“The only thing that’s really affected us is that we’ve not been able to take a shade down the beach for the kids,” she said. “So we’re able to tag, and still be fishing, but we’re not able to sit down there for the whole day.”

Most members of Kelly’s Alex Heads and Kawana Surfing Mums group had been able to keep surfing regularly, she said, usually taking their boards out when their husbands were home from work or in the morning before they left.

Surf meet-ups resume

Surfing Mums member Rommie Beck said the group had resumed its meet-ups last week, with group sizes monitored in accordance with social-distancing restrictions.

Rommie gave birth to her fourth child, Taz, on March 16, and was back in the water a week later.

“It seems it’s going back to some normality, and it’s great for us mums’ mental health and fitness to be able to surf together again and have an hour in the water,” she said. “The kids are all so happy to see each other and play on playgrounds.

“As for me and my newborn, it’s perfect timing, as I like the social interaction and enjoying the beautiful weather. I’m back in the water already and feeling good to be able to get my surf fitness back to normal after time out of the water.”

Funding the big adventure

Ocean, 2, and Kelly Howland at the beach

Ocean, 2, and Kelly Howland at the beach

A rigger by trade, Howie said construction work was getting harder to find on the Coast.

“I had to travel a fair way – I did three weeks out at Oakey,” he said. “Had to leave Kel and the three kids at home.”

He has some other trades under his belt, and was looking forward to state borders reopening so they could start their new life on the road, where they would supplement savings with jobs he picked up.

“It’s going to be a cool adventure,” he said.

Kelly’s jewellery business will also help fund their adventures.

She started Salty Tribe Collection after her daughter Ocean was born.

“I would go around to markets and look around for matching anklets or bracelets and couldn’t find anything I loved,” Kelly said.

“So I thought to myself, ‘Why don’t I just make them?’.”

The bracelets and anklets come sized for children, teens or adults, while she also sells a range of earrings and necklaces through an online store at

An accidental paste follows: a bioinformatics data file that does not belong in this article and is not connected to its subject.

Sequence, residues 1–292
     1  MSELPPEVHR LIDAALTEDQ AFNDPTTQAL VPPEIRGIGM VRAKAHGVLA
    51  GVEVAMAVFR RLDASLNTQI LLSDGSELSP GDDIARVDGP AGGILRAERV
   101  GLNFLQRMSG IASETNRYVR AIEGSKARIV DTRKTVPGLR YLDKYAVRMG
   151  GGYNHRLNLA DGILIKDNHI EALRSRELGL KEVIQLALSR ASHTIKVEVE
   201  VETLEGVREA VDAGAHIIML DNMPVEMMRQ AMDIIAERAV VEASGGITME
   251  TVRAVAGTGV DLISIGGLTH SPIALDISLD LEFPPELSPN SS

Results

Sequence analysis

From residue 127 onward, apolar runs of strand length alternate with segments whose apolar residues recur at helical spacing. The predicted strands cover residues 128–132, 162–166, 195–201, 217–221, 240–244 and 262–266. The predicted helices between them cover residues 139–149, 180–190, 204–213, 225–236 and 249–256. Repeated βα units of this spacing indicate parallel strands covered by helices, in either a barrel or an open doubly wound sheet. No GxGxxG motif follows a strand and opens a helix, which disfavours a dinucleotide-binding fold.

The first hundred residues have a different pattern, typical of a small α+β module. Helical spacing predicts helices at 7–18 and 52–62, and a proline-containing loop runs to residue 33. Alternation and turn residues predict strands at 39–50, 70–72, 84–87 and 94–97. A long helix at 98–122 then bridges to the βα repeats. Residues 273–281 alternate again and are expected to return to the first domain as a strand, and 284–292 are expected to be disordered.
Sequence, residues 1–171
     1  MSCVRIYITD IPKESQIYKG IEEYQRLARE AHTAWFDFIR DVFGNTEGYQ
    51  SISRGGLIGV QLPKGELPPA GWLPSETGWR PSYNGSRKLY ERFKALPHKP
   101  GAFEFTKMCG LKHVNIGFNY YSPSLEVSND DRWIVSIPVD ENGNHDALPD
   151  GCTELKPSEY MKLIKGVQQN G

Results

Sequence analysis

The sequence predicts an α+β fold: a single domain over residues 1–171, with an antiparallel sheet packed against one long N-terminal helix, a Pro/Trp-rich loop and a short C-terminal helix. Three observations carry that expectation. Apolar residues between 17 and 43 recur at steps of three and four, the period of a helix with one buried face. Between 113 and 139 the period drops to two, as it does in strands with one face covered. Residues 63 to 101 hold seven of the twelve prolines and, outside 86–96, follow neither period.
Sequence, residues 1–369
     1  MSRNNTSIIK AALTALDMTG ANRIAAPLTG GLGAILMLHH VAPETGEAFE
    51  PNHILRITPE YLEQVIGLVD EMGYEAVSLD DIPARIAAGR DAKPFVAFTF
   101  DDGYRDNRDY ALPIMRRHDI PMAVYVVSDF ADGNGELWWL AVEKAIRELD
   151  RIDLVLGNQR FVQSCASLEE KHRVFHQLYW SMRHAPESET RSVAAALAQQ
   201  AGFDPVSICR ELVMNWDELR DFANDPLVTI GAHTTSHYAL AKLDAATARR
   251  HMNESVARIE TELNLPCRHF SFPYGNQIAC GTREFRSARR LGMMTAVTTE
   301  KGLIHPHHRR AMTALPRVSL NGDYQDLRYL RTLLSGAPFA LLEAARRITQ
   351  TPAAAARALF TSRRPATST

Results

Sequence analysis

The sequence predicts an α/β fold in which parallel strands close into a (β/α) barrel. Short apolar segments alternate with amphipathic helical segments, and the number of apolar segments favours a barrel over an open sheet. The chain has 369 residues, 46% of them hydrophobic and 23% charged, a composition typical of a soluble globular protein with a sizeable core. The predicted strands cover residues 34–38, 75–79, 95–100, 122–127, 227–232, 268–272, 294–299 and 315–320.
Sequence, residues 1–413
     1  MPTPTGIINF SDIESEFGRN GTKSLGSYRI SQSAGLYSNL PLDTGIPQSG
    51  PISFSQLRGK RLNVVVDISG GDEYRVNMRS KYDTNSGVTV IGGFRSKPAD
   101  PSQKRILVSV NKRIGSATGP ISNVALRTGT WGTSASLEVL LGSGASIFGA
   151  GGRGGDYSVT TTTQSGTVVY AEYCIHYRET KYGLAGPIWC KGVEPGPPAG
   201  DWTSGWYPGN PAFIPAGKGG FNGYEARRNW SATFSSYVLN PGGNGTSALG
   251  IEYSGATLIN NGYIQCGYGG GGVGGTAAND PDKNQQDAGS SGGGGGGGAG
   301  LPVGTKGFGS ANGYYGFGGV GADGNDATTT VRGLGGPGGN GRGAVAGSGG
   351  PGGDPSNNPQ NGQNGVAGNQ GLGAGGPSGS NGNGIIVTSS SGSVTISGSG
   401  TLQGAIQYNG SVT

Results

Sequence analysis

“People would stop me in the park or the beach or the street and say to Ocean, ‘Your jewellery is so beautiful’. She is the first to say, ‘My mummy makes them for me’,” Kelly said.

“She is my No. 1 fan and great for advertising.”

Kelly said her shelled anklets were popular, and lasted up to six months, even when worn in the surf every day.

Entrepreneurship runs in the Howland family, it seems, with Bodie already plotting how he’ll sell books about the native animals he meets, while on the road: “I could build a stand that holds books, that says Bodie Books.”

He said the family would be away from the Coast for “maybe past 1000 sleeps”.

“I’m going to write letters to my friends and my Nanny and Pa and Grandma and Poppy and send them in the mailbox,” he said.

Bodie said he was excited to one day see the snow.

“We will see so many animals and sleep on the triple-decker beds,” he said.

“And I’ll be able to make lots of cool animal books about the Australian animals, and I’ll meet … a gazillion friends.”

Kelly said she had loved living on the Sunshine Coast, and might return in a couple of years, depending on where the family’s travels took them.

“Thanks for the sunshine, memories and great mates,” she said, in farewell.

To keep up with the Howlands as they travel, follow @saltwater_ratbags_travel_aus on Instagram. Kelly’s jewellery business is here: @salty_tribe_collection.